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History of X-ray imaging

Dr. Willem Roentgen's discovery of X-rays in late 1895, in Wurtzburg, Germany, serves as a classic example of an accidental invention.

Roentgen was carrying out experiments with a Crookes tube, a fairly common research apparatus of the time. (A Crookes tube was a glass chamber, evacuated off air as well as possible at the time, with two pieces of enclosed metal in each end which were connected across a battery.) As Roentgen applied large voltages to the device to study the behaviour of electrons emitted from the metal, he noticed that a piece of phosphorus material, situated elsewhere in the room, glowed!

Puzzled by the glow, Roentgen went on to lock himself in the laboratory for the following few weeks to further investigate the mysterious emissions. His tried to block the emissions by covering the tube first by a piece of cardboard and then by a piece of wood only to find that the phosphorus still glowed. He also noticed that when he held his hand between the tube and the phosphorus, the light given off seemed to present an image of his hand. To convince himself he wasn't going crazy, Roentgen recorded such images on pieces of film thus obtaining the first X-ray images of human anatomy.

What caused the phosphorus to glow? What was the mysterious emission from the tube that penetrated not only cardboard and wood but also human tissue? The answer, of course, was a form of invisible, high energy radiation. When a large potential difference (e.g. a large battery) is applied between the electrodes (pieces of metal) in the Crookes tube, electrons are released from the negative electrode. These electrons from this negative electrode (cathode) are atttracted towards the second, positive electrode (anode) with such force that they acquire great speed and energy. When an electron bombards the positive electrode its energy is transferred to the nucleus of the metal atom. This energy is then re-released from the nucleus in a form of radiation that we now call X-rays.

This radiative process is similar to what happens when light is produced except that light results from atomic rather than nucleic excitations. In fact, both light and X-rays are part of the same physical phenomenon: electromagnetic radiation. X-rays can simply be thought of as high energy (i.e. very short wavelength or high frequency) light.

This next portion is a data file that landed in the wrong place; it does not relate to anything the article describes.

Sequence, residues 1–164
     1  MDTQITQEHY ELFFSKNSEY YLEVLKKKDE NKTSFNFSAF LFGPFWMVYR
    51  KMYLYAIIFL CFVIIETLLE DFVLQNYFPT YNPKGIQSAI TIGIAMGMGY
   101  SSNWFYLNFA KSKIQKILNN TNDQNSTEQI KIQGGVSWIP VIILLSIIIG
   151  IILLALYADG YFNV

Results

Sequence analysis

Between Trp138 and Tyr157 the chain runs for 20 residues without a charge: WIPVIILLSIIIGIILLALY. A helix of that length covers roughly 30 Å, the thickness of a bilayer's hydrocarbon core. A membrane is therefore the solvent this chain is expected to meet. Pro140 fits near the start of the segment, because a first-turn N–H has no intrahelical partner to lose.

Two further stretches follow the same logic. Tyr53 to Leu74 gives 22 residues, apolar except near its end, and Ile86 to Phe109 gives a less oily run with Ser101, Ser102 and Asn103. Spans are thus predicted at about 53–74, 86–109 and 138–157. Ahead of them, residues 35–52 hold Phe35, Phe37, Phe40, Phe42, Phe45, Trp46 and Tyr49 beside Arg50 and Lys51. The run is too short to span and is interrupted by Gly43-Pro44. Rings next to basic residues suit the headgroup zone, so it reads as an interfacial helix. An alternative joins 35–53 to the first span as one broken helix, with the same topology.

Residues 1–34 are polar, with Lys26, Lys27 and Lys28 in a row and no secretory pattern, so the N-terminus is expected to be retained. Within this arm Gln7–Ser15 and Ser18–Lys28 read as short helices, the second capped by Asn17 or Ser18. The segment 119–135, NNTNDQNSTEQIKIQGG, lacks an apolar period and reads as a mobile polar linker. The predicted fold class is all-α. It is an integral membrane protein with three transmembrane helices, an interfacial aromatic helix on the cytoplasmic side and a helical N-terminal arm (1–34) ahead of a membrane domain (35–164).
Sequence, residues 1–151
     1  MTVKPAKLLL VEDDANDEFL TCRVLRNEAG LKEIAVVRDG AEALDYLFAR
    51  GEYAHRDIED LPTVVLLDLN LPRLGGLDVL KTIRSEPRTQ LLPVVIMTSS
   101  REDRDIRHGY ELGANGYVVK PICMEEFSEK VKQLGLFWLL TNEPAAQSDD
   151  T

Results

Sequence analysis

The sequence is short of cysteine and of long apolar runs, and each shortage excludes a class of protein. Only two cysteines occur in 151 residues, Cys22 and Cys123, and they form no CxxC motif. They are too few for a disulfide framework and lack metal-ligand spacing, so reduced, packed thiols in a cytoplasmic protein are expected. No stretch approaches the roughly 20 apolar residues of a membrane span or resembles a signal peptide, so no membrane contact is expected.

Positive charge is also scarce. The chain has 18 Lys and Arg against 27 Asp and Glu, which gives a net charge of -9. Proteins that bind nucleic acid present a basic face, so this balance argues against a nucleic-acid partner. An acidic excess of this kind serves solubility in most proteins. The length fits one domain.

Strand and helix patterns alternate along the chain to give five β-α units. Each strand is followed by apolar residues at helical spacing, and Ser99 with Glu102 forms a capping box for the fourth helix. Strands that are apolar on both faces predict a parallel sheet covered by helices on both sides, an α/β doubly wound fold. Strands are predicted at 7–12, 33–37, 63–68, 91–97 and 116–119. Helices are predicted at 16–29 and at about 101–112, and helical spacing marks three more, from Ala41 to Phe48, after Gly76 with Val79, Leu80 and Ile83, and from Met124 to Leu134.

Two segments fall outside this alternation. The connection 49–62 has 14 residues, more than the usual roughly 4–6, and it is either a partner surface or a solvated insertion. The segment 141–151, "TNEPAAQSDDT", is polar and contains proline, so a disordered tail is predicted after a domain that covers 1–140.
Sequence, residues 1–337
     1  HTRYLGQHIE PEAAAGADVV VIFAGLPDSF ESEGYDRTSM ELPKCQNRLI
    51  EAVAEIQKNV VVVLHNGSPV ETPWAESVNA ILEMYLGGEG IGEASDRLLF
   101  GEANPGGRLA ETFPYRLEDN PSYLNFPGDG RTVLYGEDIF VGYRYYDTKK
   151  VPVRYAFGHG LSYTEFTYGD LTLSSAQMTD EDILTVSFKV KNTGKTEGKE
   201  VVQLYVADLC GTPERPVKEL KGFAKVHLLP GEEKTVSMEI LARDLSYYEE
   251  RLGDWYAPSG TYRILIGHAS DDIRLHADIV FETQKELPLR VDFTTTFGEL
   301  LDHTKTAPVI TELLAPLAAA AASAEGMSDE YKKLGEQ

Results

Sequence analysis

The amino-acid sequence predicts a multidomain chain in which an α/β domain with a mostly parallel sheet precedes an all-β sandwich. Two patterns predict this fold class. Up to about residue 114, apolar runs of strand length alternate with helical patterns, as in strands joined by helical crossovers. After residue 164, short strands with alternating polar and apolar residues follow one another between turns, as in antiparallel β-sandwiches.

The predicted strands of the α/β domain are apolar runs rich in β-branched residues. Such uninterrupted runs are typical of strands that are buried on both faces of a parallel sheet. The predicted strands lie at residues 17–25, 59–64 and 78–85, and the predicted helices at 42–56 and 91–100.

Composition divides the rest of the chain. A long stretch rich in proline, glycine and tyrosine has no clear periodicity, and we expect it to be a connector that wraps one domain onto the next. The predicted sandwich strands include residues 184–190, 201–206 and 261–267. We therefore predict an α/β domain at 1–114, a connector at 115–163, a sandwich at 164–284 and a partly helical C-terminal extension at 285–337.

It is because of their high energy that X-rays can penetrate through many objects. However there are differences in penetration through different materials due to the differences in the material densities. For example, X-rays can penetrate through fat/muscle easier than through bone, which is the basis for imaging the body with X-rays.

Once Roentgen decided he had proven the existence of new, invisible rays, he captured a number of X-ray images on film and sent them to various scientists and organizations to claim his stake in this discovery. Roentgen's first experiments took place in November 1895, the communications went out by January of 1896, and by February of that year a number of other scientist, who possessed exactly identical equipment, were able to duplicate Roentgen's results.

The discovery caught on like fire and in a few months X-ray tubes were set up to image the public for both medical and entertainment purposes. The ability of X-rays to shrink tumours was also soon discovered. Thus, in addition to acquisition of diagnostic medical images, X-rays began to be used for radiation therapy.

There were great misconceptions about X-rays in the early days. For example, modest ladies were worried about their virtue due to rumours of X-ray vision; X-ray imaging was a great attraction at freak shows; and photography studios offered X-ray portraits. Over time the potential health hazards became better understood and use of X-ray tubes shifted over to medical professionals -- although X-ray imaging continued to be used in shoe stores up to the 1950's to study the fit of footwear!